In August, Deloitte’s global headquarters relocated to a new 430,000-square-foot office at 30 Rockefeller Plaza, for which the company had inked an 18-year lease in early 2011. Over the past year, Deloitte expanded to 193,000 professionals globally, with more than 51,400 new hires. In New York, its workforce shot up seven percent to nearly 5,400 professionals, according to officials at the global professional services firm.
“It was a real estate strategy in place to ensure our office space throughout the tristate [area] provides a work environment that enables productive collaboration of our professionals, maximizes space efficiencies and is economically beneficial,” said Henry Phillips, a vice chairman and northeast regional managing partner with Deloitte.
In 2012, Deloitte was one among many of New York’s top 25 accounting firms to embark on a hiring spree that would subsequently trigger a massive hunt for expansion space, analysts told The Commercial Observer. In the past few months, several accounting firms closed deals for new offices in Manhattan.
“We had outgrown the previous space,” said Barry Garfield, the managing partner of Holtz Rubenstein Reminick LLP, which by Nov. 1, is expected to have completed its move to a new 29,271-square-foot office at One Penn Plaza from the current 14,360 square-foot office at 1430 Broadway. “Now there is space for future growth,” Mr. Garfield said.
Between 2010 and 2020, the accounting industry is expected to increase its labor pool by 16 percent due to a heightened demand for financial consulting and auditing in the wake of economic crises across the world and newly instated I.R.S. codes and regulations, according to data from the Bureau of Labor Statistics.
The rapidly growing number of I.R.S. regulations on the book, combined with the larger need for experts in international taxation, benefitted executives at Frank Hirth, which is expected to grow from 38 people to approximately 60 over the next several years. Kevin Johnson, a director of the firm’s New York branch, said that after an Oct. 15 filing deadline, the firm will finalize its move to a 13,910-square-foot office in Wall Street Plaza, at 88 Pine Street, from a 6,125-square-foot space at One Penn Plaza.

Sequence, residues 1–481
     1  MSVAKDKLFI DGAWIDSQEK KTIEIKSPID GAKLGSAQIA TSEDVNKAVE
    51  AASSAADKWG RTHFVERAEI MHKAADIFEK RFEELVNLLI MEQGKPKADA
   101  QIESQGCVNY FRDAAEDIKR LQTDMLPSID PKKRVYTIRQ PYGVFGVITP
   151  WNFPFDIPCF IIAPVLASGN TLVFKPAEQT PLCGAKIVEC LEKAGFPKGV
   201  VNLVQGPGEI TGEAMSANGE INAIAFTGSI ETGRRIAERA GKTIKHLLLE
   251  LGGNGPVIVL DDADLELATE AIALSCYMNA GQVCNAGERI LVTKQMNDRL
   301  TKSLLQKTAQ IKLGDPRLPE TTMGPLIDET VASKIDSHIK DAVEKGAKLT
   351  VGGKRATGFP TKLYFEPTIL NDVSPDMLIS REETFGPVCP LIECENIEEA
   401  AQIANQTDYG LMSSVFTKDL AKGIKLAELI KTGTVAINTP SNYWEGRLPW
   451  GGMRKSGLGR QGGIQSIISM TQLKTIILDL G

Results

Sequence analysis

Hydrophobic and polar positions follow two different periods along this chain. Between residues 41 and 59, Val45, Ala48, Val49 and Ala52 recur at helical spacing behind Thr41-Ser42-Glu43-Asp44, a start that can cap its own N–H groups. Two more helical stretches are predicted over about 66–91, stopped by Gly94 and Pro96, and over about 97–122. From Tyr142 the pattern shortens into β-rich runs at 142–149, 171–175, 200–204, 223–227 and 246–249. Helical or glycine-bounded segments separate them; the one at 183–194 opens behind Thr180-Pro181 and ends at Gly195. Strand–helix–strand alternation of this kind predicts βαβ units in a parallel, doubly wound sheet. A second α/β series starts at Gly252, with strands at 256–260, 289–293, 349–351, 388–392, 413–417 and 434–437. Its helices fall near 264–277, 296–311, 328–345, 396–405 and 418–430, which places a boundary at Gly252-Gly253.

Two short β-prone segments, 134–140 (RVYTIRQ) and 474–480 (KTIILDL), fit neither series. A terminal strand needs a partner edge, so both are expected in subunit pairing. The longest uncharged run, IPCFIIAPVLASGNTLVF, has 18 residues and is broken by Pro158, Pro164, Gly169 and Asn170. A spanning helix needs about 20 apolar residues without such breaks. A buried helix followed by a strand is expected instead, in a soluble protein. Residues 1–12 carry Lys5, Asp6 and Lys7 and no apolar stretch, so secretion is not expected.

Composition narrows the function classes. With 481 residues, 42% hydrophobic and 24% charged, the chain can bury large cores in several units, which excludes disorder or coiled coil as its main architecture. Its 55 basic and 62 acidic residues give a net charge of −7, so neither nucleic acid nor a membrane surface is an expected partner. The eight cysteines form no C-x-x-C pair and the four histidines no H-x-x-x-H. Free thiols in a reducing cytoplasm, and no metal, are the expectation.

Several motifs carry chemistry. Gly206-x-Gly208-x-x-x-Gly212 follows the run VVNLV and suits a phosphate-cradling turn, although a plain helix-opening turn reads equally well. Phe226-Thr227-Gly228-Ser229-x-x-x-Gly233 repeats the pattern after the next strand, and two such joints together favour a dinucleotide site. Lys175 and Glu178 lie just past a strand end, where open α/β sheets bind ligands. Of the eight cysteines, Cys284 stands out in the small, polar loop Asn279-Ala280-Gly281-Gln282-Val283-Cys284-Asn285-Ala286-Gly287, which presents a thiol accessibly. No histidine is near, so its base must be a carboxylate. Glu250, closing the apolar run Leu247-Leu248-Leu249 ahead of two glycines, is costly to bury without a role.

Friedman LLP, which boasts approximately 310 professionals nationwide and about 180 in New York, has adopted different strategies to face its own growth. “We have refurbished our space and we have renewed our lease at 1700 Broadway for another ten years,” said Michael Gaines, Friedman LLP’s human resources and administrative partner. The firm has had its Manhattan base in the 39,000 square-foot office for more than 30 years.
“We added offices, but mostly it’s just to create an environment more in line with today’s needs,” said Mr. Gaines.
The firm expanded its square footage outside of New York, too. One of its four New Jersey branches is due to relocate in December from its current 10,000-square-foot office to a newly leased 14,000-square-foot office at 301 Lippincott Drive, in Marlton, N.J. Mr. Gaines explained the move with one simple word: “growth.”
But an expanding workforce doesn’t always translate to more square footage. Recently, PwC inked a 15-year lease for a new office at 601 South Figueroa Street in Los Angeles. Against the trend, the new 135,000-square-foot office will be smaller than the current 160,000-square-foot office at 350 South Grand Avenue.
“Over the past two years, PwC Los Angeles has grown our workforce more than 30 percent, adding approximately 350 new jobs,” said Brian Cullinan, managing partner for PwC’s Southern California market, who added that the reduction in square footage is the result of more efficient space.